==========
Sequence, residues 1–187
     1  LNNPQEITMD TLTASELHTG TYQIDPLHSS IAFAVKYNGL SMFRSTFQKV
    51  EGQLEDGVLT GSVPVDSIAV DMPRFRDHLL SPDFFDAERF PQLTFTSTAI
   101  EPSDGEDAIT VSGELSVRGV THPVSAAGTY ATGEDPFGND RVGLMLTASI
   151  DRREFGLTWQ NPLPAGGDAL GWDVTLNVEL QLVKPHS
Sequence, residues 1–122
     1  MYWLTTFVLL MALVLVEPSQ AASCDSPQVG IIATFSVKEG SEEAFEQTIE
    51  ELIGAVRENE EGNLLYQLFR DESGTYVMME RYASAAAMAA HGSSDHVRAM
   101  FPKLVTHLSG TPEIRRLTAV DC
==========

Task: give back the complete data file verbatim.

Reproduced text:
Sequence, residues 1–187
     1  LNNPQEITMD TLTASELHTG TYQIDPLHSS IAFAVKYNGL SMFRSTFQKV
    51  EGQLEDGVLT GSVPVDSIAV DMPRFRDHLL SPDFFDAERF PQLTFTSTAI
   101  EPSDGEDAIT VSGELSVRGV THPVSAAGTY ATGEDPFGND RVGLMLTASI
   151  DRREFGLTWQ NPLPAGGDAL GWDVTLNVEL QLVKPHS
Sequence, residues 1–122
     1  MYWLTTFVLL MALVLVEPSQ AASCDSPQVG IIATFSVKEG SEEAFEQTIE
    51  ELIGAVRENE EGNLLYQLFR DESGTYVMME RYASAAAMAA HGSSDHVRAM
   101  FPKLVTHLSG TPEIRRLTAV DC